Sunday, February 22, 2015

Twenty Five Films for 2014

First things first...
Hi friends! It's been a while, yes? After going back and forth for a while about where to tack up my favorite films list from last year, I wandered into the overgrowth that was this old blog and decided this was as good a place as any. And yeah, this place could use a fresh coat of paint, but that's for another day. Right now, I'm all about looking back on the best films of 2014, which is definitely more important right now than figuring out a banner that will fit on this site.

It was a strong year. Not a year overrun with masterpieces, perhaps, but one where a handful of great directors turned in some of their strongest work, where genre pictures made a welcome return to center stage, and where Tilda Swinton had unquestionably her most Swinton-y year to date. It was also a year of a great many biopics, of which, only one will you find here. It is really best not to encourage these things.

The obvious disclaimer, although I have seen a good number of 2014 releases (63 to be exact) I have plenty of blindspots, and they are: Timbuktu, Beyond the Lights, Citizenfour, Life Itself, Why Don't You Play in Hell, Winter Sleep and every single animated movie that isn't made of Legos.

Finally, twenty five seems even more like an arbitrary number considering that there were way more than 25 films I really liked from last year, including Goodbye to Language 3D, Lucy, Ida, Le Weekend, White Bird in a Blizzard, Edge of Tomorrow and hell, even Into the Woods, but a line must be drawn somewhere, and besides, I kind of want to kick this off with 2014's most fascinating and flawed piece of pop entertainment...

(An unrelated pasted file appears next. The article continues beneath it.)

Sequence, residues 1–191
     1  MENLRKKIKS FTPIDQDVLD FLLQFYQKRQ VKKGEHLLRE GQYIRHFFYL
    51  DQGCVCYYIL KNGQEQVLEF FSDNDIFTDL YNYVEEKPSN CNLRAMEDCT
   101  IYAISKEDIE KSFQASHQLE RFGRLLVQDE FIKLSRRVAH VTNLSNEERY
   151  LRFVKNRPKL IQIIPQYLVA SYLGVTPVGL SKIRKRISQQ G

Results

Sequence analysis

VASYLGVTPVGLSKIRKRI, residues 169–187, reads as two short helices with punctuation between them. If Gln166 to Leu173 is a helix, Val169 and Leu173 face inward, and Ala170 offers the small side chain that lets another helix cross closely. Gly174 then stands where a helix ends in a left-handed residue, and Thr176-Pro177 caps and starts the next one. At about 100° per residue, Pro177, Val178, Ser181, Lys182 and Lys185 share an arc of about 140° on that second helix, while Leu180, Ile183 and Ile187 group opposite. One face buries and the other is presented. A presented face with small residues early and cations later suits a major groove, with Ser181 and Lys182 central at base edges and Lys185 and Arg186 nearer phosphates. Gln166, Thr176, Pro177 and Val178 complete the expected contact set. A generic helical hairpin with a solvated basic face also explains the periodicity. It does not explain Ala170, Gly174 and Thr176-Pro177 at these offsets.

25. Gone Girl
I'm not sure Fincher strikes quite the right tone for this, but there's plenty to marvel at here, specifically, the acting prowess of Rosamund Pike, Carrie Coon, and even Tyler Perry.

24. A Most Violent Year
Stunningly shot in a way that veers between athletic and majestic. An engrossing anti-gangster movie.

23. Two Days One Night
One of the strongest Oscar nominated performances of the last few years still is only Cotillard's second best work of 2014. She dominates every frame here. An emotionally exhausting performance.

22. Under the Skin
I'm supposed to have this higher, I think. A year ago, I had pegged this as my likely favorite film of the year, sight unseen. Oh well, it's a perfect case of a movie that fascinated me without ever actually resonating, and that's enough to keep it out of my upper rankings. Scarlett is mesmerizing though.

21. The Double
Richard Ayoade is going to make a masterpiece one of these days. We're not there yet, but this is a nice improvement over the already solid Submarine

20. Birdman (or, no, fuck it, I'm not typing the rest of that stupid title)
It's a nifty little magic trick of a movie and I do not begrudge it any of the awards attention it has had whatsoever. Now bring on the Keaton comeback.

19. Inherent Vice
Paul Thomas Anderson tackles Pynchon. It goes as well as it possibly could have. Joaquin is in fine form, but Josh Brolin and Katherine Waterston run away with the show.

18. Force Majeure
In the aftermath of an avalanche on a family vacation, hilarity ensues.

17. We Are The Best!
"Hate The Sport" should definitely be vying with "Everything is Awesome" for that Best Original Song Oscar.

16. The Guest
A run-of-the-mill home invasion thriller midway through its run says "Fuck it" and decides to become a bloody insane send-up of John Carpenter movies.

15. Dear White People
Its got style and panache to spare, and makes for one hell of a calling card for Justin Simien. 

14. Leviathan
A tale of oppression, God and vodka.

13. Starry Eyes
A highly visceral horror film of undying ambition.

12. Listen Up Philip
If Woody Allen had the capacity to be more self-deprecating, it might look like this. Jason Schwartzman is the perfect intellectual blowhard, but his companions in misery Elizabeth Moss and Jonathan Pryce really steal the show.